…You’ll probably want to go somewhere else.
Because this is where I begin thinking out loud about For Such a Time, Kate Breslin’s RITA-nominated romance novel, set in Theresienstadt and featuring a Nazi commandant hero and a Jewish heroine with a thing for the New Testament…
…though if you’re a mild-mannered Molly Weatherfield reader, or an old friend or family member checking in on what I’m up to — or pretty much anybody who up until now has been mercifully ignorant of this sordid episode in romance publishing… at this point you’re probably thinking WTF, a concentration camp romance, that’s just crazy talk…
…it’s my sad duty to tell you that this is indeed a post about a Nazi concentration camp “inspirational romance,” its last page bathed in smiles and a “soft breeze” that its heroine — who may or may not have converted to Christianity but who definitely has the holy spirit thing down — hears as “His [sic] whisper.”
After the couple of days I’ve spent reading this and other eyeball-melting excerpts from For Such a Time and its fans’ online reviews, I’m finding the whole business impossibly distressing and offensive. Or possibly worse. Stay tuned. This morning I bit the bullet and ordered a used copy (hopefully to minimize my contribution to the author’s numbers, though that’s probably naive since Amazon owns ABEBooks anyway).
Will I write about it after I get my copy? Frankly, I’m not sure I’m up to reading it all the way through, though I’m gonna try. Hell, I don’t even like to refer to the damn thing by name, preferring, like Kelly at Instalove Book Reviews, to “Voldemort it” by calling it That Book. But I’m writing this post because I think the episode provides a murky window on the fraught times we live in, and because I feel a responsibility to share the smartest and most thought-provoking stuff I’ve been able to find about this shameful affair from online discussions within the romance community1.
So you won’t find much original thinking what follows, but if you’re new to this issue, I hope you’ll benefit from the links I’ll be providing (most of which I got from Kelly, so if you prefer to just truck on over there instead of taking my particular guided tour of hell, feel free). And if you’ve got some links I’ve missed I’d like to hear about them, but meanwhile here’s what I found…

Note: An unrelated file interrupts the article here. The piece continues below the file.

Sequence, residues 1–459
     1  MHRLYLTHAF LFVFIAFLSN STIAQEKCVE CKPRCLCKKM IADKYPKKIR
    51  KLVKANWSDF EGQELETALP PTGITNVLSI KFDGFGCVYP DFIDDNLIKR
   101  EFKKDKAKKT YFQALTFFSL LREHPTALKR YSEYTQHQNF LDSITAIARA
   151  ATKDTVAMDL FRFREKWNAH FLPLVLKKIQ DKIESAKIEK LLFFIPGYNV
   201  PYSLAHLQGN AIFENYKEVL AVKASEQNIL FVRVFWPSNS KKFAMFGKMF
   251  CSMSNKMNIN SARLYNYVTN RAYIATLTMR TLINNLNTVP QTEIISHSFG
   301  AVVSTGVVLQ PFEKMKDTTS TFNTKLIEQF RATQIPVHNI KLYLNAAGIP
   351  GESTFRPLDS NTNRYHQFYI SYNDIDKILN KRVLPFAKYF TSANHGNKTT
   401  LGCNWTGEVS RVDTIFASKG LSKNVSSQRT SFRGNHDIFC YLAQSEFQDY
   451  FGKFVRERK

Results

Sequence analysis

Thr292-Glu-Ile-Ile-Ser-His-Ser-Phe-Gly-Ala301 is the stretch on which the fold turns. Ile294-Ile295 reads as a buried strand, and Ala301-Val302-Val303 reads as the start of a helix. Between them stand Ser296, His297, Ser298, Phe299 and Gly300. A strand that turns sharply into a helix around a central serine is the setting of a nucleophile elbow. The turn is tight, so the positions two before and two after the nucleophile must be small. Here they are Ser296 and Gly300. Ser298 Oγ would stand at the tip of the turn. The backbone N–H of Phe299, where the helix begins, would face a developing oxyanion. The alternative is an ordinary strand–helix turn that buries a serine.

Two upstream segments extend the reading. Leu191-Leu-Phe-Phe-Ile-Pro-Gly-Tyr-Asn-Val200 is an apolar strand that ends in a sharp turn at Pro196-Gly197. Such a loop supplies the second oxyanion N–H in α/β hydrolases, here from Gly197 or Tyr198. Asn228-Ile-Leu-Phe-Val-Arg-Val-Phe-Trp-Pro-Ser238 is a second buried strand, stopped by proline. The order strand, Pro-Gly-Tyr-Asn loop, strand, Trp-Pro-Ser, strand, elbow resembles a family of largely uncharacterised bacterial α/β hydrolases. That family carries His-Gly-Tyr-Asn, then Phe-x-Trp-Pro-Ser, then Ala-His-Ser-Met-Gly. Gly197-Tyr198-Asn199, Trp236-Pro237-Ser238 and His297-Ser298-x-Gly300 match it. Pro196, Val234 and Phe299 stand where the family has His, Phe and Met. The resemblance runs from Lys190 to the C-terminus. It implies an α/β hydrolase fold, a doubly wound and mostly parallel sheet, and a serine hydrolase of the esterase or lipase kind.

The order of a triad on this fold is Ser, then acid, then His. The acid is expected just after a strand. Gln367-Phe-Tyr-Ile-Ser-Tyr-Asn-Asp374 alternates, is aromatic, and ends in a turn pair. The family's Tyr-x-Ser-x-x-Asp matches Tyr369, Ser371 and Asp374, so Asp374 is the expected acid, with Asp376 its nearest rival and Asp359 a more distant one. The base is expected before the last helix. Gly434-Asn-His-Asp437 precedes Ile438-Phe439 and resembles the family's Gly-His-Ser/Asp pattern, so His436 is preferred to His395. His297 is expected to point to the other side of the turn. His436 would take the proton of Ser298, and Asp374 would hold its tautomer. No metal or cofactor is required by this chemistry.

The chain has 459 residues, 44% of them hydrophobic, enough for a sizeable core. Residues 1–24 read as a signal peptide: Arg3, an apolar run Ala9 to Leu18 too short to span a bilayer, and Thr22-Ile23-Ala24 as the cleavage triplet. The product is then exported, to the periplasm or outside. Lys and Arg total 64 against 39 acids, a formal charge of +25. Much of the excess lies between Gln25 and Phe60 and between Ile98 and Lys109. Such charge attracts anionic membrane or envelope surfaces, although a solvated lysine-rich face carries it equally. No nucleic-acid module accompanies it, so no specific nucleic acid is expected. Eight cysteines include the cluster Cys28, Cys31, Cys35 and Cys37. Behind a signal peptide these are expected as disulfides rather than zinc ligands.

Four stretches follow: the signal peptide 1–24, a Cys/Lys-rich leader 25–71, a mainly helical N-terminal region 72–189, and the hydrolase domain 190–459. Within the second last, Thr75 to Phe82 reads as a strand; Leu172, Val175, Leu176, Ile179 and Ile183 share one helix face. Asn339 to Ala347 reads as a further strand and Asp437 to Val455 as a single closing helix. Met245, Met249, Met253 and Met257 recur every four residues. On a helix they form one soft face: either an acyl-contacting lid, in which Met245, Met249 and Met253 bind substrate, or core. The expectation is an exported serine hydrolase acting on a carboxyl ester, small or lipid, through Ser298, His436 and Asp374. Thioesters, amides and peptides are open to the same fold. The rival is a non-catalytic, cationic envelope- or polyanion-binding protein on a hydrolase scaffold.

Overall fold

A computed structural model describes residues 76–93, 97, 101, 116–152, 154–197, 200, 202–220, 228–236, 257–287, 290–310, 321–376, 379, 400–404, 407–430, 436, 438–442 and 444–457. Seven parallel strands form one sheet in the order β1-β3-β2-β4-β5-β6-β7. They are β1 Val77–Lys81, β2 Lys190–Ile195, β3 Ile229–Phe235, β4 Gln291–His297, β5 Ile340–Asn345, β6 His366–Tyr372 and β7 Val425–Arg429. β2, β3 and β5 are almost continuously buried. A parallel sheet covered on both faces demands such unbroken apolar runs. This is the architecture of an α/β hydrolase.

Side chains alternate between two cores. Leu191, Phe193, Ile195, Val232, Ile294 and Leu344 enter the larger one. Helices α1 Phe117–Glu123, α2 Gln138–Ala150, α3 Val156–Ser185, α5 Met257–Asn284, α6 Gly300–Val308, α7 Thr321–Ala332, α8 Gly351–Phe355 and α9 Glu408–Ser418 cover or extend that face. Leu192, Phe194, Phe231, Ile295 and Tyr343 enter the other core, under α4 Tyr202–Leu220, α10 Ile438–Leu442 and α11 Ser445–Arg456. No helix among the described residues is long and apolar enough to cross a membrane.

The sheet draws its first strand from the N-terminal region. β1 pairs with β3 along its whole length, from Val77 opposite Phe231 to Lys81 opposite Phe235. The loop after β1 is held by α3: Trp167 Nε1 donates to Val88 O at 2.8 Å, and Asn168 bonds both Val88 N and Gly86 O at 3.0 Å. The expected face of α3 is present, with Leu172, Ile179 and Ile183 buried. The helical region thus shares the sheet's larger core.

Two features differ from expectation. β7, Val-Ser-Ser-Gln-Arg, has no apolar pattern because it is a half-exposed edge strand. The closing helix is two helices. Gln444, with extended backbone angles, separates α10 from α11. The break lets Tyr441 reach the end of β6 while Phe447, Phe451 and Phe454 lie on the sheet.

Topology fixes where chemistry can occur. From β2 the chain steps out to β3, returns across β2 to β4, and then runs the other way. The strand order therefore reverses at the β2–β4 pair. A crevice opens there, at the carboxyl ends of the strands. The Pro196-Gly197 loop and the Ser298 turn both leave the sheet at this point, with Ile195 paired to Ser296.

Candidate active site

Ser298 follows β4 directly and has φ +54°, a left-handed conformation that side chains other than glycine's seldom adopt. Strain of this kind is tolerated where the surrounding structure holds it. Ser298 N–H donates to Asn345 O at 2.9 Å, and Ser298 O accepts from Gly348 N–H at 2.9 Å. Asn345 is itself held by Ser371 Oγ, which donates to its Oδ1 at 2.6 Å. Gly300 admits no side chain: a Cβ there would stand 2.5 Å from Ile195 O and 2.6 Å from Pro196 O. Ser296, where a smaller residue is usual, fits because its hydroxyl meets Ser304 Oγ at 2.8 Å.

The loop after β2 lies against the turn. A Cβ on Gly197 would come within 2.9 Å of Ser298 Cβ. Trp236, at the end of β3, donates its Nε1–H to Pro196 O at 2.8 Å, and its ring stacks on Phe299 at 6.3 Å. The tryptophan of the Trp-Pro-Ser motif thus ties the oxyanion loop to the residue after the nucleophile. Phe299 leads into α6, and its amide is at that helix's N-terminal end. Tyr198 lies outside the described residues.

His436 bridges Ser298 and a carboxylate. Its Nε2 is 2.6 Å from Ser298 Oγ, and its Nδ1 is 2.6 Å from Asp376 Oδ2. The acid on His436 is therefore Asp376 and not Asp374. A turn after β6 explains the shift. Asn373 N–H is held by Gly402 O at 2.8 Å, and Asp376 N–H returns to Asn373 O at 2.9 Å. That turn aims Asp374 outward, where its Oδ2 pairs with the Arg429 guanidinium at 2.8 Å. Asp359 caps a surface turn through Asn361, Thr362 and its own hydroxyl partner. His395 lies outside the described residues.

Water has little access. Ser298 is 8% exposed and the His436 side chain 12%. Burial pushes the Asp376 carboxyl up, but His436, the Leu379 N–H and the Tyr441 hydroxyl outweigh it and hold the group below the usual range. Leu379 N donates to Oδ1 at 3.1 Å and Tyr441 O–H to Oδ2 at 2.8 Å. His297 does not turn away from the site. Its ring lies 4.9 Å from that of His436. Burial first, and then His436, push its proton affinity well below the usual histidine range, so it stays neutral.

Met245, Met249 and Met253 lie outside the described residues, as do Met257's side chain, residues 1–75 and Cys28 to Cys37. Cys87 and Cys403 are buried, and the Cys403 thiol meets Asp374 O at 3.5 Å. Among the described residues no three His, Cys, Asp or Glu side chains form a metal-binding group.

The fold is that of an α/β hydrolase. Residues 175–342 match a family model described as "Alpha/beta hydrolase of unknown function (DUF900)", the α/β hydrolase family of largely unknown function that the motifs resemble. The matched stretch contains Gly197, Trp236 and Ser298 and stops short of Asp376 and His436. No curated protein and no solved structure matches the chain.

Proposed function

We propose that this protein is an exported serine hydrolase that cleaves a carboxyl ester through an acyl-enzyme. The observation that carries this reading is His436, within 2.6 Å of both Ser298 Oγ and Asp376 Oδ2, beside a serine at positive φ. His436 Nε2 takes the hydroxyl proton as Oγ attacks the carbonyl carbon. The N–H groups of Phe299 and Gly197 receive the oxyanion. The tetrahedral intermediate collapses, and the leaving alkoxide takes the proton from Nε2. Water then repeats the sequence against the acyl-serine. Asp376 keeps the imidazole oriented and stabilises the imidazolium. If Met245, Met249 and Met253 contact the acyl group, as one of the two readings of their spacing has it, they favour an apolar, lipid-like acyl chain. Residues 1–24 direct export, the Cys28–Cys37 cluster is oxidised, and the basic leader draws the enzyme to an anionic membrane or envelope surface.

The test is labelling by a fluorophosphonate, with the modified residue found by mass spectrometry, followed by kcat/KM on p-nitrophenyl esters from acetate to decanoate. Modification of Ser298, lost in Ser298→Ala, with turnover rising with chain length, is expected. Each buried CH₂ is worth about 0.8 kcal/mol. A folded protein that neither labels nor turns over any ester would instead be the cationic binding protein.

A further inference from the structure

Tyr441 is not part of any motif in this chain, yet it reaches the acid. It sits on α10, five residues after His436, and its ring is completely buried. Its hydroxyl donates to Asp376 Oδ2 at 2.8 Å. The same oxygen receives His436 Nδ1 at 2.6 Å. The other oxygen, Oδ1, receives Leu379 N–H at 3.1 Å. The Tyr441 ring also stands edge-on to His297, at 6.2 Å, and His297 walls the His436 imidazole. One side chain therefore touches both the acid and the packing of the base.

My thanks going first to Rose Lerner for posting excerpts on her Tumbler page from the many five-star Goodreads reviews That Book has received. Which is how I first heard not only about the book but its sizable, enthusiastic fan base. Read Rose’s summary of what they have to say if you have the stomach.
After which you’ll be relieved (and perhaps as grateful) as I am, to turn to the reasoned, brave, and passionate responses like Kelly’s second post, “Fuck it, I’m Going Full Snark” and Laura K. Curtis’s “Yes I Read That Book So You Don’t Have To.” Both these writers do the dirty work of detailed plot summary and extensive excerpting, while Joanne Renaud and Jackie Barbosa contribute damning textual evidence of what appears to be Breslin’s utter disinterest in writing convincing Jewish characters.
Dear Author‘s joint discussion between Sunita and Janine is invaluable: thanks in particular to Sunita for her painstaking research into the hideous actualities underlying the book’s cheesy melodramatic pseudo-history (as well as for a separate blog post about other Nazi hero romances). As always when you’re at Dear Author, don’t miss the comments, which cover a wide range of interesting opinion, most crucially in this case an introduction to a reading community I didn’t know much about. I’m particularly indebted to someone who posts as M, for drawing upon her upbringing in a radically fundamentalist Christian church, to parse the assumptions behind the reviews Rose collected.
And finally, as an antidote, you’ll be glad to read some pieces by members of the Christian romance reading and writing community who don’t draw inspiration from the spectacle of six million Jewish corpses deployed as extras in a feelgood inspirational romantic adventure thriller. Again, Kelly’s initial post at Instalove shows that it’s possible to respect someone else’s history without appropriating it, and wins my own personal Franz Kafka/Lenny Bruce award for laughing at the unspeakable. And Emily Hubbard’s open letter to Bethany House (the book’s publisher) is a brave, bracing, and in all ways admirable expression of religious faith that has nothing to do with self-regarding smugness (for which you might want to check out Bethany House’s generic response to this and other criticism).
A NOTE HERE…
1. [When I originally started this post, I thought I’d include stuff from sites not directly devoted to romance writing, but it’s long enough as it is, and so I’m saving what background information I learned for future posts on this topic and where it leads me]↩